Travel to Canada Today!

Canada's environmental issues, government, and history

Canada's Environmental Issues

Acid rain, over extraction of natural resources, and timber are a few of the things that are causing harm to Canada's environment. Acid rain has caused a negative impact on the Great Lakes. Acid rain causes the lake's acidity level to rise. It is hard for living plants and animals to survive in areas of increased acidity. Acid rain can also deplete calcium deposits in the lakes. It can lower the amount of calcium in the soil near the lake, which can throw the whole ecosystem off balance. Timber is an important natural resource in Canada, however many people are concerned that logging is destroying the environment. Many people believe that logging and clear-cutting put wildlife in danger and destroy forests. This is bad, because the forests provide oxygen and filter chemicals in the air. Clear-cutting can also reduce water quality and cause erosion. Over extraction of natural resources also play a big role in Canada's environment. Mining is a huge industry in Canada. Unfortunately, digging and blasting with heavy machinery has caused damage to the surrounding Canadian shield. The mining also disrupts the ecosystem, and releases chemicals into the air that can cause acid rain.

The Canadian Government

Canada is a constitutional monarchy, parliamentary democracy, and a federation. Queen

Elizabeth the second is Canada's head of state, however the Constitution places limits on her powers. Canada's government is broken down into three parts: the Head of State (the Queen), the selected Senate, and the elected House of Commons. Canada is a federation not to be confused with a confederation, which is an association of sovereign states. Because the monarch doesn't live in Canada, he/she chooses a Governor General to stand in for him/her. More power belongs to the Prime Minister than the monarch or the Governor General. Canada is a constitutional monarchy, because although it has a monarch, the constitution places limits on what the monarch can and can't do. Canada is also a parliamentary democracy, a system of government in which the executive power lies within a cabinet made of members of the legislature that elect a leader. The leader, in this case the Prime Minister, works closely with the legislature. Canada is a federation, which means Canada has a federal system of government. This means that Canada's power is divided equally among the central government and the regional government. Canadian citizens over the age of eighteen have the freedom to vote. Voting is not required by law. Citizens vote for members of the House of Commons. The leader of the party with the most elected members of Parliament becomes the Prime Minister. Basically, the citizens indirectly elect the Prime Minister. Citizens have many personal freedoms including legal rights, equality rights, language rights, and fundamental freedoms.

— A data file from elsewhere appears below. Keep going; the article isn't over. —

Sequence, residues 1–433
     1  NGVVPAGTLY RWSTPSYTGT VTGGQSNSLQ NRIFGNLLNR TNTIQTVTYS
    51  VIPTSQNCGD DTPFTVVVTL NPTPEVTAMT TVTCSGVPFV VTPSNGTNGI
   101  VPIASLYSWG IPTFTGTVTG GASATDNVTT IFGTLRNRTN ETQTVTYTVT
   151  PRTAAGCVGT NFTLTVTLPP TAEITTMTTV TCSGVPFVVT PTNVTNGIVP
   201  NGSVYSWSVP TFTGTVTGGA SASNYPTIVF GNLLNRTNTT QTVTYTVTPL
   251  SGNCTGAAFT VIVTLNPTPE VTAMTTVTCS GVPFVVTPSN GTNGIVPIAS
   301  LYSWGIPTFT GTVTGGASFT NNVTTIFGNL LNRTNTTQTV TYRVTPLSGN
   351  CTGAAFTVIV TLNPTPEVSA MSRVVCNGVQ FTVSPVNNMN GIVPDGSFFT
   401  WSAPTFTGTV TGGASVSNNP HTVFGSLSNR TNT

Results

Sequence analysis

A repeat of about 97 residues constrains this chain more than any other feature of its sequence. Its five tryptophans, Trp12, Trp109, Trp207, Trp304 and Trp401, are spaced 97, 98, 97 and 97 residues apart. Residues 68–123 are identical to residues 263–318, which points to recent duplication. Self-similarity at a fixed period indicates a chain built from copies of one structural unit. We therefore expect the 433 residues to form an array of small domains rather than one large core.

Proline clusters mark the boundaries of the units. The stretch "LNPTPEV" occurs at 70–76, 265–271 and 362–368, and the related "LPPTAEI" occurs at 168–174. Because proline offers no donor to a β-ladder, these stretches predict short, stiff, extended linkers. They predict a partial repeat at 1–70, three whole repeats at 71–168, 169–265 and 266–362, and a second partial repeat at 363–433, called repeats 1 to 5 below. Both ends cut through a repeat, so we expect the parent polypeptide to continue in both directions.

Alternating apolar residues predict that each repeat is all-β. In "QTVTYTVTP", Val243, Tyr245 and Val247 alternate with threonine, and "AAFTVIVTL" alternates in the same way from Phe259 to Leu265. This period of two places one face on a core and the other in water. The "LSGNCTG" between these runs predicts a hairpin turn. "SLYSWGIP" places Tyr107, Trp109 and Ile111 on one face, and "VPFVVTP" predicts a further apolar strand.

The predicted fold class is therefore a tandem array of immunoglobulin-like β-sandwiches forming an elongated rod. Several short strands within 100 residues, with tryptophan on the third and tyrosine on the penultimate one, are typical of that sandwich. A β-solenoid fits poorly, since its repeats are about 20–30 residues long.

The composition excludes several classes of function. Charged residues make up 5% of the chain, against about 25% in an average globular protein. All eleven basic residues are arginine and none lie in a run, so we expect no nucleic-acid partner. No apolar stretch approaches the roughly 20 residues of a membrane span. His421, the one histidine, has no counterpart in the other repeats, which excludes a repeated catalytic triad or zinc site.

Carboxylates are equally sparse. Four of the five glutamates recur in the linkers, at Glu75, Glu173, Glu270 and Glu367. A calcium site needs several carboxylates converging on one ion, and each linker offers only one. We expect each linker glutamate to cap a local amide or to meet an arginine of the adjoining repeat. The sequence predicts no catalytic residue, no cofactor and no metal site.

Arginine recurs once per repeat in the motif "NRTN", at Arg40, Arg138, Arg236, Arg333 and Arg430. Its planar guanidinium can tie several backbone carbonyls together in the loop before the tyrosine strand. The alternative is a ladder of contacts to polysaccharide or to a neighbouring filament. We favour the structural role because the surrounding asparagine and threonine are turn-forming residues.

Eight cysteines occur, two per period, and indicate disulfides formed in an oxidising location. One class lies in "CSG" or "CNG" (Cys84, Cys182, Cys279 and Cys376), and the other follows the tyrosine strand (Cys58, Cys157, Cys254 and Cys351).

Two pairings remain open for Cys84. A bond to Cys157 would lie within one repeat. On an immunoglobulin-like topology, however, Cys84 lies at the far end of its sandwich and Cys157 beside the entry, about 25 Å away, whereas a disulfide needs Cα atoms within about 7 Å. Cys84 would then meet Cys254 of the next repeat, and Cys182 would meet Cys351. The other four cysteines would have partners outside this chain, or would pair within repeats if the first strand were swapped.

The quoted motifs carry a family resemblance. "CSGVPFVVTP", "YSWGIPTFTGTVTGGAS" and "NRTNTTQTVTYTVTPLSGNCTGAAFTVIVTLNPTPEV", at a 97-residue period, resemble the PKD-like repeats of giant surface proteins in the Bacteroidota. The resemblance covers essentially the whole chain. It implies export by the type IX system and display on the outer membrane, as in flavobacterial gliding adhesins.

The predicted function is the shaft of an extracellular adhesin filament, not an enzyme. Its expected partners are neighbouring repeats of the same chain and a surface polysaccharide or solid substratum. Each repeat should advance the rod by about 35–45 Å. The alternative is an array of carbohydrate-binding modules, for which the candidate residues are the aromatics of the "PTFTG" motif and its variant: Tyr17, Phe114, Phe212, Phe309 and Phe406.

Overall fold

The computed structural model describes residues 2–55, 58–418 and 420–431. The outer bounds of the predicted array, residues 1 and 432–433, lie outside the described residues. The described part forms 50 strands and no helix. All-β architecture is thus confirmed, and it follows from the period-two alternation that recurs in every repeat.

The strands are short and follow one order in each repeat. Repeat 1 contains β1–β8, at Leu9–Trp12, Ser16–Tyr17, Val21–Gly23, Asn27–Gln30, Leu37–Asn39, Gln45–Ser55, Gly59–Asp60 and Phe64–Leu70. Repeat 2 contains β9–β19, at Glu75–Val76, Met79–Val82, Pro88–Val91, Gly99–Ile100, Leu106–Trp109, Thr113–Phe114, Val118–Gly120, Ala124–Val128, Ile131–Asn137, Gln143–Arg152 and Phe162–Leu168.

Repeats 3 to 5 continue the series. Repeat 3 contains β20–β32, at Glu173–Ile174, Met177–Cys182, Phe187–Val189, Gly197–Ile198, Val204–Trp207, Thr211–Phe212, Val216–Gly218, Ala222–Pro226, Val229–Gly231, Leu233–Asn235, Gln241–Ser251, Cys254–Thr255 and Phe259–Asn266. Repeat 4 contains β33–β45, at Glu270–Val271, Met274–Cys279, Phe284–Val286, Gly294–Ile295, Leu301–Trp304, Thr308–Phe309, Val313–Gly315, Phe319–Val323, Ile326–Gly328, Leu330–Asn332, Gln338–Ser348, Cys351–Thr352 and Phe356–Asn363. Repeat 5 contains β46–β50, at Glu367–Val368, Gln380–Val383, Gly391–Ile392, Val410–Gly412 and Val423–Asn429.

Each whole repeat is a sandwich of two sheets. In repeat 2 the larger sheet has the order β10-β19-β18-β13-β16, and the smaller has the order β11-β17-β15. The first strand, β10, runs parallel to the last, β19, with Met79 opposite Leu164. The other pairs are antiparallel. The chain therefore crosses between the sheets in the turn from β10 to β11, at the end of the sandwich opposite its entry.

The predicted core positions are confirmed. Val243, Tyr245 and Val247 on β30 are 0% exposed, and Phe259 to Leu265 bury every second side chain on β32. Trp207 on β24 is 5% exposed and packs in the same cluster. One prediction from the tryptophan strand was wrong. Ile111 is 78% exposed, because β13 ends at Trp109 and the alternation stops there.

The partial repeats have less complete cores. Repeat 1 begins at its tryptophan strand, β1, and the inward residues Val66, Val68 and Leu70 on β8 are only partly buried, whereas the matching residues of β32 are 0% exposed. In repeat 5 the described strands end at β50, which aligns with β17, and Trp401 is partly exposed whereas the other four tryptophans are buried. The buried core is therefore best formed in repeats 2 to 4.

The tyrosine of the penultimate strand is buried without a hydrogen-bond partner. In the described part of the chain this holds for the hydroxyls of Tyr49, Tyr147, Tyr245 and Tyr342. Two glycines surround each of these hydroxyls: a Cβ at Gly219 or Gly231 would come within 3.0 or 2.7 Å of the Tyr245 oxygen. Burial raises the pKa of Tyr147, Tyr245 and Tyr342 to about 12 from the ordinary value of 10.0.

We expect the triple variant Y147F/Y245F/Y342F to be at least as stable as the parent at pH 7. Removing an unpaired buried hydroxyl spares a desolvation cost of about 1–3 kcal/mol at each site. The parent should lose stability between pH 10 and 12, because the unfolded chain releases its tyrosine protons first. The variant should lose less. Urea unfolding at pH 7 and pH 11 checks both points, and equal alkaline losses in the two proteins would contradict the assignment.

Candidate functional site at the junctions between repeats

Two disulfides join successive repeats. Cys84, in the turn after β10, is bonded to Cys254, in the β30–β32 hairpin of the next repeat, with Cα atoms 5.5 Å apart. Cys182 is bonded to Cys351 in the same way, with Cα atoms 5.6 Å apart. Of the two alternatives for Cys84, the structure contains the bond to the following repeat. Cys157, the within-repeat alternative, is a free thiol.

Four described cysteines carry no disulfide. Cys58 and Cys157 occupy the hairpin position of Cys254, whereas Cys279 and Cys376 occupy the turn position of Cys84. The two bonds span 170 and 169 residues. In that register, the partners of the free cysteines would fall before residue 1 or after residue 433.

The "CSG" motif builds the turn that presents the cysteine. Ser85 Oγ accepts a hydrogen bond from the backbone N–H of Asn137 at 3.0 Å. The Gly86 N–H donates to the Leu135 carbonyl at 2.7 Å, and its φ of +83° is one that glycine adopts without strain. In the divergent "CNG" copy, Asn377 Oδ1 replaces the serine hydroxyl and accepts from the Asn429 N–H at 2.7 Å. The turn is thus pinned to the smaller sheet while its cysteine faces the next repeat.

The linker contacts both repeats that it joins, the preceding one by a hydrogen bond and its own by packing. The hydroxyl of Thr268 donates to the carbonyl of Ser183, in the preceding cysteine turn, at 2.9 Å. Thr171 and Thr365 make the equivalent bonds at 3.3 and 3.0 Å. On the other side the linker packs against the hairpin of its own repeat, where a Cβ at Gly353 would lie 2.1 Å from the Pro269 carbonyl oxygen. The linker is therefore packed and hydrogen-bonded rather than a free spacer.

Quebec's Independence Movement

The Province of Quebec is located in eastern Canada. In the early 1900's, French Canadian families had been living in Canada for many years. They had differences in culture than the British Canadians. The English language was becoming more common and the French language was becoming less common. Many people were choosing to leave their farms and move to the city. French Canadians living in Quebec were concerned that their culture and background was fading. They were sick of feeling discriminated and being treated like second class citizens. Many French Canadians began thinking about breaking away from Canada and becoming their own country. People who wanted Quebec to break away from Canada were known as separatists. Today, Quebec is still a part of Canada, however many citizens in Quebec still think that Quebec should secede from Canada. While separating from Canada may preserve Quebec's language and culture, it could do some heavy damage to the economy. Both Canada and Quebec would experience economic disasters. Some people claim that the secession of Quebec would destroy Canada's national unity. The government of Quebec decided to let their citizens decide whether they should remain Canadian or not. Citizens have voted in the years 1980 and 1995.. In both years, the votes have been extremely close. The government of Canada has been trying very hard to keep Quebec a part of Canada. Quebec is important to Canada's economy with its rich natural resources and its waterway access. Canada even passed The Constitution Act which made Canada a bilingual country. Unfortunately for them, many Quebecois are still unhappy with the way that they are treated. Currently, Quebec remains to be a part of Canada, but it is up to Quebec citizens if they are going to secede or remain a part of Canada.
Big image

The above map shows the areas in Canada that are the most sensitive to acid rain

Shown Below is a flow chart on how Canada's Government is broken down

Big image
Big image

Shown above are citizens in Quebec in favor of breaking away from Canada.